I want to share some frustration and thoughts I have about what the process of making small open source projects should be, specially how to have a good start with money involved.
My frustrationI decided to build a simple marketing tool to send bulk text messages to phones (I intend to make some money out of this desktop software). But to get that software working I need a library that encapsulates the usage of a GSM modem to a level where I can easily send/receive SMS.
I found some libraries like: jsms, smslib and attention.
Jsms is a nice finished product that does just what I want, but I have to pay a licence of about 400 USD to be able to develop with their library, and then a runtime licence of 40 USD for each JVM that runs with their software. Because I want to go cheaper that market value, paying a licence for each sale that I have does not make much sense.
Smslib is open source and lacks good documentation with samples that covers all features of the framework and I don't want to go to the forums when all I want is to understand the API.
Attention just works for the actual decoding and encoding of the PDUs and it's not a finished library.
I am the kind of person who wants to use the open source version of a software just for fun, to learn and to contribute, but sometimes we just need at hand a enterprise-grade product to have a fast go with our projects. Because of that most decide to go for the paid libraries, or paid products (which I am still evaluating to do too). But...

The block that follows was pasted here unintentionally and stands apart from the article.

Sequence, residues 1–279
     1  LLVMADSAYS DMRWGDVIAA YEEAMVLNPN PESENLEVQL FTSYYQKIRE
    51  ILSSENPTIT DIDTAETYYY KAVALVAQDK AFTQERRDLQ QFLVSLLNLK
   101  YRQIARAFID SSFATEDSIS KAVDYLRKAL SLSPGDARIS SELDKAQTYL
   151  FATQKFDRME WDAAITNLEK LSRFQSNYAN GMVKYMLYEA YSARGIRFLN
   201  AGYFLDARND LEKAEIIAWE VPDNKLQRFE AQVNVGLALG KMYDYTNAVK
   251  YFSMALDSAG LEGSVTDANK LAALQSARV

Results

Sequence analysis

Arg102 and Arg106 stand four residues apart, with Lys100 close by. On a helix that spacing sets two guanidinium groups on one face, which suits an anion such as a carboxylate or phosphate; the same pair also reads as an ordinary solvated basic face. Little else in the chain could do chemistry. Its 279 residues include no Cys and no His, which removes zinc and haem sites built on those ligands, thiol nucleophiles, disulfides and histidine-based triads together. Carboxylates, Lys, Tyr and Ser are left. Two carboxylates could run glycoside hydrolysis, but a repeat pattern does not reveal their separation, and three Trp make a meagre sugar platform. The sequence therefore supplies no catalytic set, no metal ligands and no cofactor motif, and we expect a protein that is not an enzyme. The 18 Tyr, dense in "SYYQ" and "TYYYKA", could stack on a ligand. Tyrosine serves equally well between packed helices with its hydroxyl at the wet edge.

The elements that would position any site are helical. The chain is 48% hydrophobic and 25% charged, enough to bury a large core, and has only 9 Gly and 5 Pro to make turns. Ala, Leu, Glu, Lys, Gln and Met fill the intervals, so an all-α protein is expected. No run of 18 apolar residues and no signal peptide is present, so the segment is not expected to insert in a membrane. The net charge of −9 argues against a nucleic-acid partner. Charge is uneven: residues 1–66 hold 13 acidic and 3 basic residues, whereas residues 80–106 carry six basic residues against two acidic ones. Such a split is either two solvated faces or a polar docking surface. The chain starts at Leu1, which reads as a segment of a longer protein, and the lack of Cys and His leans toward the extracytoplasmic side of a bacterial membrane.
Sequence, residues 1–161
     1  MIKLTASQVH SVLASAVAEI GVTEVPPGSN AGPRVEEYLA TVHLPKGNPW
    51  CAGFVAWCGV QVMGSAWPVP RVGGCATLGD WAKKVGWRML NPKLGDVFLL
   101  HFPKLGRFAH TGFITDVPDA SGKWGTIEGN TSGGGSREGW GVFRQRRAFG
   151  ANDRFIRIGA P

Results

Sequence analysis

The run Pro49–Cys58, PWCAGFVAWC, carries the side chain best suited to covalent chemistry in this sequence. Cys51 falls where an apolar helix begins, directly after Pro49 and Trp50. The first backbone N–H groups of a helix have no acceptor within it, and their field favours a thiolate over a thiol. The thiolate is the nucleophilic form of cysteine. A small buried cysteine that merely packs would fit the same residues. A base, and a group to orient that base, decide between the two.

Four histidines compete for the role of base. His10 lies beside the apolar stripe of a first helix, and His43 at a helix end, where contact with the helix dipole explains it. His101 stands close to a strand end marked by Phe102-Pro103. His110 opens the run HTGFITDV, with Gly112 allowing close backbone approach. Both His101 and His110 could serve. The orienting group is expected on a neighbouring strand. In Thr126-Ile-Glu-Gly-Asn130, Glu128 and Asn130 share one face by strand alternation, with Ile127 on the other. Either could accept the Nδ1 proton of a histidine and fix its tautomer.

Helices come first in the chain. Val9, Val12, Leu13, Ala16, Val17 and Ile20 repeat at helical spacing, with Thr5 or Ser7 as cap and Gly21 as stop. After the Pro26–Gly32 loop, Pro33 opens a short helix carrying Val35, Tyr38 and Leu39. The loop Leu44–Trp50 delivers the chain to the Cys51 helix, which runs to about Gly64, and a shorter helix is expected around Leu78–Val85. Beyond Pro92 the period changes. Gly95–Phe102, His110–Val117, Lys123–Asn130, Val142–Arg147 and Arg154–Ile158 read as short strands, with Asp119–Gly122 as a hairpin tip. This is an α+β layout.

. Why can't we have enterprise-like libraries/products in small open source projects?
. Why is it that the one project we so need to use just lack something like high quality documentation covering all features and various use cases?
. Why is it that the one project we so need to use just lack some working examples to have a jump start for all the features of the project?
. Why is it that the base of the project is hard to understand and it's a bit hard to dive into the source code just easily?
It could be you started a small useful project for yourself in your free time and it happened to be really useful for a handful of other people too. Then new features are requested..., a better idea of how it should be implemented comes in, but you already have users, so breaking API changes are hard decisions to make. You still want to work on it because you are PASSIONATE about it, but you are still doing it in your FREE time... so you can't devote enough time to think, implement and document a good idea well.
I think that when you hit this dilemma the only way to do well is to be paid to work on it. This is not a revolutionary idea, people is starting to use croud-sourced funding to do great projects that end up being FREE, but they don't work for free :)
So what do you think ? If you get paid to work on what you are passionate about while providing a high open source value to the community, isn't this a win-win situation ?
Should we start opensource projects with money at hand, and in exchange provide a liberal licenced piece of software that is polished like enterprise-grade products that will run for itself in the comunity once you finish the version 1?